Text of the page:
Ela had a lot of free time during her childhood due to family circumstances, which she’ll explain in more depth in our conversation. This led to her seeking out places where people figure out how to get through challenges, which in turn explains her choices to study at MIT and work at IDEO. Through these experiences, she arrived at her current mission: making design thinking as accessible to any person in any moment as possible.
In our conversation, Ela will talk about the five questions in the Innovators’ Compass:
- What’s happening, and why?
- What matters most?
- What ways are there to make things better?
- What’s a step to try?
- Who’s involved?
Ela will also discuss other points, including what she would address if she were going to coach a design thinking coach, why it’s often better to give people less rather than more when it comes to design thinking, where she thinks design thinking is going in the next couple of decades, where big breakthroughs can come from, and why it’s important to go slow to go fast.
Learn More About Our Guest
[01:50] Ela starts things off by explaining her origin story, or how she came into design thinking as a practitioner and educator.
[07:18] Since leaving IDEO six years ago, Ela has tried to tune into where design thinking feels as accessible as it should be, as well as where it isn’t accessible.
[07:55] We hear more about Ela’s desire to bring people into the space of accessibility she has mentioned, as well as the barriers and challenges.
[09:53] When Ela has found people who are really struggling with design thinking and the process, what has she done to help them?
[13:31] Ela talks in more depth about the questions in the Innovator’s Compass, and how she arrived at that configuration.
[17:44] Dawan takes a moment to mentally parse the many representations of a design process, and points out that in many ways they mask the inquiry that is the heart of seeking a pathway from the world we have to the world we want.
[21:01] Especially if you’re involved in a challenge, it can be so hard to explore questions and admit that you don’t know what’s happening or why.
[27:04] Dawan talks about some of the work that he has been doing with Elon University, which involves looking at ways to build out an approach to design thinking that syncs up with the university’s learning environment.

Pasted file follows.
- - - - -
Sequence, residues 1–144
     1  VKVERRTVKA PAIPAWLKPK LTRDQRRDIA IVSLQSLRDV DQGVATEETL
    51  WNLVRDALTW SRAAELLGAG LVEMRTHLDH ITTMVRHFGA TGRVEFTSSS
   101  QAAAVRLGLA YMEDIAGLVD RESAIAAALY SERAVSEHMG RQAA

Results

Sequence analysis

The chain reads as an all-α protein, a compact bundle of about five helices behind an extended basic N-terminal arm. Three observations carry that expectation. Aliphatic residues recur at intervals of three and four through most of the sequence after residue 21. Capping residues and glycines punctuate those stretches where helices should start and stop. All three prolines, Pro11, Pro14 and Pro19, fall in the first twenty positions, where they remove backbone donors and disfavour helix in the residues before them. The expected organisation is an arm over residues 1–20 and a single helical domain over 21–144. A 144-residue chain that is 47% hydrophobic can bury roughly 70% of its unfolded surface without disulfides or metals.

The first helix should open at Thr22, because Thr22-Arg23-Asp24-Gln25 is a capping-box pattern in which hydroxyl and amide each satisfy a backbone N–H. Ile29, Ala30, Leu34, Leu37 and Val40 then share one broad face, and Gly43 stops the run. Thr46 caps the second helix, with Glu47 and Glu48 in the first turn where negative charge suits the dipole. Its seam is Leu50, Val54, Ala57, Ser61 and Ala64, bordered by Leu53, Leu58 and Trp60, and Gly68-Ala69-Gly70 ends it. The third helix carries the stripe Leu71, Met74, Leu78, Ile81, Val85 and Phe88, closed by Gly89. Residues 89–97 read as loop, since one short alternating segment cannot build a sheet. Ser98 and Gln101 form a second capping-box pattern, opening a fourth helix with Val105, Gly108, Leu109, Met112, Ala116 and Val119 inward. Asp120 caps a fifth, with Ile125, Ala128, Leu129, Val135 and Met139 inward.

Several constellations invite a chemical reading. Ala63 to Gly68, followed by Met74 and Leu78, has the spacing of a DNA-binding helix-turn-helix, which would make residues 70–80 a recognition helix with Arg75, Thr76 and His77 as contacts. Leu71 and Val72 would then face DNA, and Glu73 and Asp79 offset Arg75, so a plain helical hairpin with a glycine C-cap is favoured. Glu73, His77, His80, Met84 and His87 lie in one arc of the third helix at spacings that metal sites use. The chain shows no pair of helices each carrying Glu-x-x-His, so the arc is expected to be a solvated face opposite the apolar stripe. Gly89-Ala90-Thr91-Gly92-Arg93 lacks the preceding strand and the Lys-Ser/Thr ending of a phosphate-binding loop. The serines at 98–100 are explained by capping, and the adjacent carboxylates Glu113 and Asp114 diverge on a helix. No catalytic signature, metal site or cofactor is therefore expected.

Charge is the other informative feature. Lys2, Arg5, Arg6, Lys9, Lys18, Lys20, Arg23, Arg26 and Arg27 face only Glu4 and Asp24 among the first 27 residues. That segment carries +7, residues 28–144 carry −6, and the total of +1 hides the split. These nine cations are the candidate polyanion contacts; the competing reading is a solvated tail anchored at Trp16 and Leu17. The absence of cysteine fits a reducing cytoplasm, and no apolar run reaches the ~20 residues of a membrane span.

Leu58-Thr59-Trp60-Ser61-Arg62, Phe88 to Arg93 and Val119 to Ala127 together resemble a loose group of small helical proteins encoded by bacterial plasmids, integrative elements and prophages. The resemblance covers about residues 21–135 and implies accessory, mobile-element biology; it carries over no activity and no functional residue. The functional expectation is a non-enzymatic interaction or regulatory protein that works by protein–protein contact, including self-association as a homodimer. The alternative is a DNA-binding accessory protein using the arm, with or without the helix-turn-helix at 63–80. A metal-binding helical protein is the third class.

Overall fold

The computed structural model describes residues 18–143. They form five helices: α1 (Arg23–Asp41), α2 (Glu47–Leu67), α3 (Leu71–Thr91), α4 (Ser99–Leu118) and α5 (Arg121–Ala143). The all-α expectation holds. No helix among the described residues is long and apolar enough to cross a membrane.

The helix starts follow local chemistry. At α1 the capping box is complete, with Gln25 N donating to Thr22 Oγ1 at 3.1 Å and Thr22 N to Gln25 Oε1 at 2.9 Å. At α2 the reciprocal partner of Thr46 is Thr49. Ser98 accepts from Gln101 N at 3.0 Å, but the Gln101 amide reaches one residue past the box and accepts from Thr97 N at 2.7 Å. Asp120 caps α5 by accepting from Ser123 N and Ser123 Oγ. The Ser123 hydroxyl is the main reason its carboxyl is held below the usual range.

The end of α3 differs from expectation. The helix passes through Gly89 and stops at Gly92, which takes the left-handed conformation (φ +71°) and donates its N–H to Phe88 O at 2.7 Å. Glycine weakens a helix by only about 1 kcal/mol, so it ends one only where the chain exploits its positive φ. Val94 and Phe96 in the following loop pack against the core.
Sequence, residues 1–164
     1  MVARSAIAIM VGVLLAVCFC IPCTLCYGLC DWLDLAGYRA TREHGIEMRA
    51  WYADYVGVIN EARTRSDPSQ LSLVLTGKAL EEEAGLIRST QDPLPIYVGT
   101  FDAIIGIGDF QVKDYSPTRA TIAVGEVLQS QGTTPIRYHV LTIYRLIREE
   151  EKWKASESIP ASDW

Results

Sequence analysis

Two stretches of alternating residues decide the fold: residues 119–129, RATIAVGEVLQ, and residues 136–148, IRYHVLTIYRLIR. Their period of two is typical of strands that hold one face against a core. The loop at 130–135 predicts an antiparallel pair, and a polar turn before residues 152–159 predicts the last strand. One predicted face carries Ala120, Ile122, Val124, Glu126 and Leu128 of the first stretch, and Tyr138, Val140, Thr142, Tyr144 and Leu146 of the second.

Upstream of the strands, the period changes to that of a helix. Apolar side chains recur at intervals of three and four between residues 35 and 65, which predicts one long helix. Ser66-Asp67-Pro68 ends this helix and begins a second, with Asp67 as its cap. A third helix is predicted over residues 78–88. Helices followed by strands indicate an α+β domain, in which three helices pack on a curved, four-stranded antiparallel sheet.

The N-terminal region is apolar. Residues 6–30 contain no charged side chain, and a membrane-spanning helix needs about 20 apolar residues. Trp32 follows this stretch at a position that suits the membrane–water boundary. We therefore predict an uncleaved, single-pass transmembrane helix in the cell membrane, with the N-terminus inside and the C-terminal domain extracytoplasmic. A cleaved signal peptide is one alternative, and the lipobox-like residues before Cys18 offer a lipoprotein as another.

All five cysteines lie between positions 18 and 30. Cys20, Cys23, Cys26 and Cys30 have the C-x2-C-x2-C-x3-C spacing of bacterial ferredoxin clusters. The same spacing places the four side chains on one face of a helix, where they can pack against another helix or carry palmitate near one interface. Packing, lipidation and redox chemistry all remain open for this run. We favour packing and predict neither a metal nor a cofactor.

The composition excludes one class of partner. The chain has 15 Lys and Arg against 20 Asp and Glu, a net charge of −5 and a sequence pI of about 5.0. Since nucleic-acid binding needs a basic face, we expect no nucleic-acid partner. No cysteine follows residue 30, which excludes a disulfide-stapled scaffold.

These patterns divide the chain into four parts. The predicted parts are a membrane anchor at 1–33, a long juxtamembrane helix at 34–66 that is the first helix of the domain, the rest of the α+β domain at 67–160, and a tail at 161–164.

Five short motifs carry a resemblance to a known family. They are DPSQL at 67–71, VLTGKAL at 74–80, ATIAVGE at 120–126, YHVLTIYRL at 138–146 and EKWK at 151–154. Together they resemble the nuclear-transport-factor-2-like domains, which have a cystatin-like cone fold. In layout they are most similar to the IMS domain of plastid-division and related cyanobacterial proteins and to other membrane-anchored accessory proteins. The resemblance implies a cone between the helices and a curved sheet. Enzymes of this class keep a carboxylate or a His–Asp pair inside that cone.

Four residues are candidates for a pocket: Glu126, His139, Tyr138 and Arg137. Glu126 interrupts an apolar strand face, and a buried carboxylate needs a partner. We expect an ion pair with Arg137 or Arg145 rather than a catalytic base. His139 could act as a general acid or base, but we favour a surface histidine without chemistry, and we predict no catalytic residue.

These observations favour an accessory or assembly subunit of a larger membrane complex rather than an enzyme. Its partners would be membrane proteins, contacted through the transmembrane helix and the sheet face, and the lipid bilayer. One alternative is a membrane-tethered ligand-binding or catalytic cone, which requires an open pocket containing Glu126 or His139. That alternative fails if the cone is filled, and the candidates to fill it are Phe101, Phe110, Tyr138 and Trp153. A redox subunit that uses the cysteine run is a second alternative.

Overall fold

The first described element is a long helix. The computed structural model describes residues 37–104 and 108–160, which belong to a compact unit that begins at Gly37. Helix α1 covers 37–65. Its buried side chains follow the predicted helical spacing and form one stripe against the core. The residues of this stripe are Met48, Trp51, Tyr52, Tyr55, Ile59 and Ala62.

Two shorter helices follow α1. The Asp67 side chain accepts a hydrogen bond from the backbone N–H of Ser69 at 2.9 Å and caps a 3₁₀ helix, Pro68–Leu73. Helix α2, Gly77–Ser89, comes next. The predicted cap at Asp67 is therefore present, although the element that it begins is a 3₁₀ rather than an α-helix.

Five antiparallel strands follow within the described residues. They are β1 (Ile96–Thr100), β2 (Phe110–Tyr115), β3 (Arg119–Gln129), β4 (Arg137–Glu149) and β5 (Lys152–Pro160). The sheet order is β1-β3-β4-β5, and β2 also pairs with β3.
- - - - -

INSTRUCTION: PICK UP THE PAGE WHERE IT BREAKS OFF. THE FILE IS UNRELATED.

[29:32] When working with people who are new to design thinking, or others who are experienced with human-centered design, how does leadership flow?
[35:46] Ela talks about some of the key elements that she would address if she were in the role of coaching someone who will be the facilitator of design teams and activity inside an organization.
[40:18] If you layer on too much too fast, it’s not just diminishing returns, it’s negative returns, Ela points out.
[44:11] Where does Ela see design thinking, or the Innovators’ Compass, going in the next five, ten, or twenty years?
[47:06] Ela points out that so far the conversation has involved a lot of generalizations, and offers some concrete stories in contrast.
[53:43] Ela takes a moment to express gratitude for people who have Tweeted their stories to the #InnovatorsCompass hashtag.
[54:14] Where can people find out more about Ela and Innovators’ Compass?
[56:19] One of the things that Dawan ends up correcting in people is seeing design thinking as a recipe for innovation. He and Ela then discuss this concept.
[60:04] We hear about the ways that Dawan tries to get around the recipe concept.
[60:57] Ela responds to Dawan’s method for getting around the recipe problem, and shares some of her own patterns.
a href="http://www.olin.edu/faculty/profile/ela-ben-ur/">Ela Ben-Ur at Olin College
Ela Ben-Ur on LinkedIn
@ElaBenUr on Twitter